Lethal Science: Japanese Whale “Research” Set to Continue

Nathan Morgan

In spite of the International Whaling Commission’s (IWC) Japanese Whaling1opposition, Japan has announced, several times, their plans to resume the “taking” of minke whales in the Antarctic for scientific research later this year. Japanese Whale Hunting Negotiator Joji Morishita declared again on June 22, that Japan plans to continue its lethal research of minke whales with or without IWC approval. Morishita was quoted as calling potential international enforcement on these issues “environmental imperialism.” The IWC, back in 1982, imposed the international moratorium on commercial whaling. Since the IWC is a voluntary international commission, nations may choose whether they will or will not abide by its rule. Japan opposed the moratorium, but remained a member of the IWC to have a voice in the commission. Since the moratorium, Japan has harvested whales under research permits pursuant to the IWC moratorium exception. However, back in 2010, Australia filed suit and later won against Japan in the International Court of Justice (ICJ).  The opinion stated, among other things, that harpooning and taking whales is not conducive to scientific research. Since the decision was made in 2014, Japan has submitted its justifications to an IWC Scientific Panel, which has established no basis for Japan’s plans for future scientific whaling.

Japanese Whaling2        Japanese experts from the Institute for Cetacean Research (ICR) argue that lethal research, or killing whales for purposes of scientific study, aids determination of a potential sustainable catch if commercial whaling were to resume. The ICR focuses on determining the sexual maturity of minke whales and their stomach contents as necessary elements for researching a sustainable whale catch in the Antarctic. The ICR’s second justification is that it must research the whale’s role in the Antarctic ecosystem. It seems simple that killing animals for purposes of their conservation seems counter-intuitive (probably because it is). It is obvious from our constant scientific and technological advances that there are sufficient nonlethal means to research the issues professed by the ICR. However, it is quite evident that other motives are at play here.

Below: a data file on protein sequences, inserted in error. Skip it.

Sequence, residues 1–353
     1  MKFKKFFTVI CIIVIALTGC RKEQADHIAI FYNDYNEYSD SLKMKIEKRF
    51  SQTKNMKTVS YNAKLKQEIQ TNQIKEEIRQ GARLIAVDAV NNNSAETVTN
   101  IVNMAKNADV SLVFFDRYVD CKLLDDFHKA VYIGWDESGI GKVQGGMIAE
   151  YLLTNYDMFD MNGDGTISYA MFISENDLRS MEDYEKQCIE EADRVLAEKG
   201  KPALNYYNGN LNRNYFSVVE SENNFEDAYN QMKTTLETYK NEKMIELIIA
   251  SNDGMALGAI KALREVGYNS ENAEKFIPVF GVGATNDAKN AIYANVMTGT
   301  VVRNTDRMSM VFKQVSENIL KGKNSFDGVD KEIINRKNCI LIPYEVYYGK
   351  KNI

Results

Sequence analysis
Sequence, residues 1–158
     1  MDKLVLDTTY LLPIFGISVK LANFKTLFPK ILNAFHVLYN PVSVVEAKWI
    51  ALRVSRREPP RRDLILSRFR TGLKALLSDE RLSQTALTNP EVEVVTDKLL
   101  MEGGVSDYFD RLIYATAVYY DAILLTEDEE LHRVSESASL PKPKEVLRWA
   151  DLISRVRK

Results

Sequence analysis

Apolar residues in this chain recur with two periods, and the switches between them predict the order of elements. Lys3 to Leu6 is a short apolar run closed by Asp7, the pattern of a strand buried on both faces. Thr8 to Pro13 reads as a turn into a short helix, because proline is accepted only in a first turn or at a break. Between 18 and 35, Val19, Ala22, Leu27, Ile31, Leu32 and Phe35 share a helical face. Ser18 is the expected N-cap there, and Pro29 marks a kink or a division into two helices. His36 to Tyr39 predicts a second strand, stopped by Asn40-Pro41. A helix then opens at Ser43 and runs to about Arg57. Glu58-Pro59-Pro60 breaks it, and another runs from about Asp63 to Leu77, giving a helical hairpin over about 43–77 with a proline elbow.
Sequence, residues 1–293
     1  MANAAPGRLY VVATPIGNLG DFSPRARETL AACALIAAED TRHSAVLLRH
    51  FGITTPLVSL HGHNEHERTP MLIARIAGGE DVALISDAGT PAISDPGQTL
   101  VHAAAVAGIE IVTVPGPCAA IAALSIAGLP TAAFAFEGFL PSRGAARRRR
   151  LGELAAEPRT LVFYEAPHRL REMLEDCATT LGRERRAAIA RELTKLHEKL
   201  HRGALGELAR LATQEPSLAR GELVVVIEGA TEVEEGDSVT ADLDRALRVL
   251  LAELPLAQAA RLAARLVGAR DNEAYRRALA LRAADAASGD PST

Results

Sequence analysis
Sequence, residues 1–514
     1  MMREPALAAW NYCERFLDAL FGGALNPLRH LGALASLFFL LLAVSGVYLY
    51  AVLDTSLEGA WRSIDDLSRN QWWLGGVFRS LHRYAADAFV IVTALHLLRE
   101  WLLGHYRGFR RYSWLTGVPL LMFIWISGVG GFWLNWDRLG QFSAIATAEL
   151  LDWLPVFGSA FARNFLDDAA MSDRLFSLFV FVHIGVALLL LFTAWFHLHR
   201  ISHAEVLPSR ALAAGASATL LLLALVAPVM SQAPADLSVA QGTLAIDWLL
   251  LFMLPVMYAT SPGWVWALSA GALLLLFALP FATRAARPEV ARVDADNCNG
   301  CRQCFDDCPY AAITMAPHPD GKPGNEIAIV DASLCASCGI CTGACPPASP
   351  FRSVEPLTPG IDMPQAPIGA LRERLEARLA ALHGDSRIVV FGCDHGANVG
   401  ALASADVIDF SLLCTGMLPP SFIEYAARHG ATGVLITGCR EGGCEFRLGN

Iceland and Norway, both of whom are parties to the IWC, and both of whom objected to the commercial whaling moratorium, continue commercial whaling practices and report their catch limits and scientific findings to the IWC annually. This raises several issues. First, I wonder why, since Japan professes to have an interest in whale conservation, it insists on killing these animals to advance that goal. If the motive is to circumvent the moratorium for purposes of commercial whale meat, the least the country could do is be forthcoming with it. It is certainly beneficial that Japan wishes to comply with international standards to justify its whaling, as pointed out in a recent article. This allows for necessary input into the problems with Japan’s “research” from the international community. However, when the input from the international community means nothing to them, such disregard should be recognized, especially when it is for the protection of a sentient being, who has no voice in the matter. Also, when the international community has decided that whales require protection from commercial hunting, the community should be able to enforce its consensus. The fact that there is no legitimate enforcement of the moratorium is bothersome.

Although the ICJ made an extremely important ruling in Australia v. Japan, Japan blatantly disregards the ICJ decision. Although the IWC has found no adequate reasoning for continued lethal research of minke whales in the Antarctic, Japan disregards its opinion. Japan insists on continuing its unnecessary whale killings under the guise of scientific research. International law is a difficult thing, and imposing a moratorium on an activity that is a cultural norm for certain countries leads to further legal and ethical issues. However, these are all issues are far too telling of the overarching problem: the lack of focus on the animal. Japan still sees the animals as a commodity to be researched, bought, and sold, since ultimately they seek to justify “sustainable commercial whaling” through their lethal research. While we sit and ponder our quarrels and opinions between countries, these whales, which have no voice in the matter, are needlessly dying. The Paul Watsons of the world look good in the face of international inaction.

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